Sunday, April 21, 2013

2013 Planted P. Rockii and P. Ludlowii Peony Plants

Today I planted the P. Rockii Peony Plant that Arrived last week in the mail from Edelweiss Perennials. I decided to keep in in the pot for a short while to make sure it had plenty of water this week, and it looks like it helped it a lot. The leaves are no longer wilted looking, and it seems like it even grew a bit. I guess I planted it in the correct place as well. I planted it where it will receive some afternoon shade. From what I just read, it seems that the P. rockii tree peonies generally go into early dormancy in places that have hot, dry summers. It sounds like this guy is in for a challenge in this southern climate. Luckily I planted it in a location that will give the plant a bit of relief from our long and hot summers here.

P. rockii Peony Planted

I also got the P. ludlowii peony plant I ordered from Ebay planted today as well. This one looks like a nice plant except it looks like it already has botrytis blight on its stems. This worries me since the seller of this plant calls it a P. delavayi var. lutea ludlowii. The other P. delavayi plant I have with red flowers on it has not done very well here and is always diseased. I hope this yellow P. delavayi variety does not have the same poor performance here. We shall see...

P. ludlowii Peony Planted


  1. One of the reasons I prefer to have them in pots the first year is so they can be planted into the soil horizontally/ diagonally without hurting the root ball. I make sure most of the woody stems are covered with soil.

    This allows more stems to emerge from the ground which will in turn root out, making a much more stable plant that doesn't rely on the nurse root sooner.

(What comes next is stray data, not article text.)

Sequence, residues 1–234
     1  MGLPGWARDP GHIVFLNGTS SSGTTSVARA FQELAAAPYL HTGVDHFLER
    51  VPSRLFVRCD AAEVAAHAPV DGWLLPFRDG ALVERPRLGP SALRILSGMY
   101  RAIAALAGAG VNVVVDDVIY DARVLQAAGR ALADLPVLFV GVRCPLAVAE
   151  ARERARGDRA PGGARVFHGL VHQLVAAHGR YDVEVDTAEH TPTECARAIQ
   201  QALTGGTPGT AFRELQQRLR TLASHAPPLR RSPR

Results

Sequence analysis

Those look like they should be OK. if they can't handle the heat down there, you could always put buckets of water around them to cool them down for the first summer.

  2. Steve,

    The buckets of water are an interesting idea. I've never heard doing that before. However I guess you could say I've not done much research into getting plants acclimated. My garden is usually kind of a "do or die" kind of place, and I have had some die!

    I also like the idea of allowing the tree peonies to grow more branches. That sounds like a great idea too. If you check out my Inventory page, you'll see I don't really have that many tree peonies. I do grow hundreds of peony varieties, but most of them (over 99%) are herbaceous and intersectional peonies. So I don't have much experience growing tree peonies, yet! (I may be getting some soon if some of those Chinese tree peony seeds I planted decide to sprout!!!) :-)


  3. Has this P. Rockii have any flower? Thanks!

    1. Bin,

      Actually, I'm sad to report that this peony just died this past winter. We did have quite a cold night this January 2018, it went down to 4 degrees Fahrenheit on the 7th. I'm guessing that must be why it didn't come back this spring. It was growing and increasing each year (very, very slowly, though), and I thought this peony is never going to flower, and it never did. Unfortunately it died before it ever flowered.

      So actually I don't recommend buying any species peonies as plants. I would recommend growing them from seed. I would purchase a large packet of seeds, and grow them out. Then you can select the best and most vigorous of the bunch (and most adaptable to your climate) to grow in your garden.


    2. Bin,

      Yes, I know. :( I would have loved to see it flower.